"Produces two plug-in products that are Mac/Win and allow for easy creation and manipulation of 3D text from TT and PS fonts. Vertigo 3D Words (for Illustrator) and Vertigo 3D Hottext (for Photoshop)." A commercial product. [Google] [More] ⦿
A free tool developed in 2018 by Roel Nieskens that makes it easy for web developers to see which layout features are in the font, to which characters they apply, and what CSS is needed to enable them on the web. [Google] [More] ⦿
Dave Hyatt talks about the WebKit feature of Safari, introduced in 2007: WebKit now supports CSS @font-face rules. With font typeface rules you can specify downloadable custom fonts on your Web pages or alias one font to another. This article on A List Apart describes the feature in detail. All of the examples linked to in that article work in WebKit now. Stephen Coles reacts: For the uninitiated, this means any TrueType font can be called by a style sheet and then downloaded by the web browser. This reopens the legal can of worms that falls off the shelf every time we talk about font embedding. Good fonts cost money. Like most software, each user or CPU must be licensed to use a commercial font. When you start talking about every visitor of a web page downloading the font well you enter very sticky territory indeed. John Gruber: The fonts youre allowed to embed legally aren't worth using; the fonts that are worth using aren't embeddable. [Google] [More] ⦿
Stuart Harrison explains how one can beat the idiotic Windows font limit. In summary, he recommends keeping only the most used fonts installed on the system. The other fonts should be kept in a folder somewhere. If one of these fonts is needed, navigate in Windows Explorer to the font in that folder, right click and select Open. One can view a little sample sheet of any font using this method: the viewing program (Fontview) is part of Windows. Once the sample sheets of the font are open on screen, open the application you wish to use the font in (e.g., Photoshop, Word, Corel Draw). The font will be displayed in the font drop down box. Be careful, you have to open the fontviewer before launching the application. This way, you have an unlimited amount of fonts to use, and you don't even have to have them on your hard-drive. You can use them from CD, or floppy, or even the web! [Google] [More] ⦿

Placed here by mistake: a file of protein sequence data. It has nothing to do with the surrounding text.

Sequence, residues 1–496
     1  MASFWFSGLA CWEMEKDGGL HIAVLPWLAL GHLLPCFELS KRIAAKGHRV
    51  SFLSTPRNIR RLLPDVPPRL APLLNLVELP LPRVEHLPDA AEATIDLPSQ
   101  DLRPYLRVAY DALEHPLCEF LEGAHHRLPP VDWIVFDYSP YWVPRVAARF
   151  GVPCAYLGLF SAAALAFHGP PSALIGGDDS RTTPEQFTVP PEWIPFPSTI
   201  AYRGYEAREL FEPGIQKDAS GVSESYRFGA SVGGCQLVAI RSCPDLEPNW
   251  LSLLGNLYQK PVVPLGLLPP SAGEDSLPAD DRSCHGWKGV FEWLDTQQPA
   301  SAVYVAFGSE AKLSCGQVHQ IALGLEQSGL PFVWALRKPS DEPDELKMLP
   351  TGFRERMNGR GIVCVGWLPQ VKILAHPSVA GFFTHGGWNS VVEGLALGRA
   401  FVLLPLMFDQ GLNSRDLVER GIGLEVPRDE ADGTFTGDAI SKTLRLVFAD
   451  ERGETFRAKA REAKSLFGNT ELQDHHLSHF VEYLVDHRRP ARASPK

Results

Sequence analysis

Include C:\windows\fonts (where one finds the system or core fonts). Linux applications on PCs can use the directory .fonts (which, if missing, any user can create) in one's home directory. Place fonts in the latter directory and most standard (Linux on PC) applications will find them. [Google] [More] ⦿
An on-line tool to showcase the fonts installed on one's computer. Description: [...] Wordmark.it detects fonts installed on your system with a small Flash script written by Marko Dugonjic of Type Tester. It also uses Remy Sharp's font detection script. [...] I'm Fahri Özkaramanli (b. Nicosia, 1980), a freelance visual communication designer living in Istanbul. I received my BA in Visual Communication Design at Istanbul Bilgi University in 2005 where I am a candidate in VCDMFA and currently teaching Web Design and Interactive Web Projects courses as a part time instructor. [Google] [More] ⦿
XBfe (X Bitmap Font Editor) allows you to hand-edit a bitmap font--both the shapes (i.e., the pixels) and the metric information (set widths, side bearings, and kerning tables). The input is both a bitmap (GF or PK) font and a corresponding TFM file. Part of the GNU font utilities package. [Google] [More] ⦿